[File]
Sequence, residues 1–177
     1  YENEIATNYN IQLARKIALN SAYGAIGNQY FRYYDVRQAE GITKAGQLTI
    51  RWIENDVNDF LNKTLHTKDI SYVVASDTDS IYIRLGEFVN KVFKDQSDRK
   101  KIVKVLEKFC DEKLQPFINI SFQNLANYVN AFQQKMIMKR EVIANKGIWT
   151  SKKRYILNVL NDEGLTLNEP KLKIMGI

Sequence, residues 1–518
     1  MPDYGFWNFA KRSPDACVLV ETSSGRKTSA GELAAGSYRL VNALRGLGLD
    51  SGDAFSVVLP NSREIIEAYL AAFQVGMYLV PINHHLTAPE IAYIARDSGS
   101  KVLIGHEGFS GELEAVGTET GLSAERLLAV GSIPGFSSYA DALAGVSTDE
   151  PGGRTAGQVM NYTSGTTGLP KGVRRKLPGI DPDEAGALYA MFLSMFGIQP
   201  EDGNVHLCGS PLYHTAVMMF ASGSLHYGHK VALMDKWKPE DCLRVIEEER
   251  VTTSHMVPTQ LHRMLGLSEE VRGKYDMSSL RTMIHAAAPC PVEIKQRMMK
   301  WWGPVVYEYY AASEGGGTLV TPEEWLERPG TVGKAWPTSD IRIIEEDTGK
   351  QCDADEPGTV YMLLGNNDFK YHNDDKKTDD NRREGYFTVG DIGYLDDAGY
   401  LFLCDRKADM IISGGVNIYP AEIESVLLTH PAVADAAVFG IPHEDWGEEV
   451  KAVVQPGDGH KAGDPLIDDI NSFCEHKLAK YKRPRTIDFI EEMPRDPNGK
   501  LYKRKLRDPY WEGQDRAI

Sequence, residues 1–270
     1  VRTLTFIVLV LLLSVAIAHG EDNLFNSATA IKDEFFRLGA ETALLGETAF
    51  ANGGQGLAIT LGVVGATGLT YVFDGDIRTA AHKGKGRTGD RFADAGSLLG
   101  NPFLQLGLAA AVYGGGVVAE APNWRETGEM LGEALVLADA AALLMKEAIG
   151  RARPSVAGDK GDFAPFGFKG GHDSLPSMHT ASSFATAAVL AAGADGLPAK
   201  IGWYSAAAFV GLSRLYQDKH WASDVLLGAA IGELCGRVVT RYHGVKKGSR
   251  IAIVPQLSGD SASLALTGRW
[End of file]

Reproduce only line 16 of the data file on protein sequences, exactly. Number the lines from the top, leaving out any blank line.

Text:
   451  KAVVQPGDGH KAGDPLIDDI NSFCEHKLAK YKRPRTIDFI EEMPRDPNGK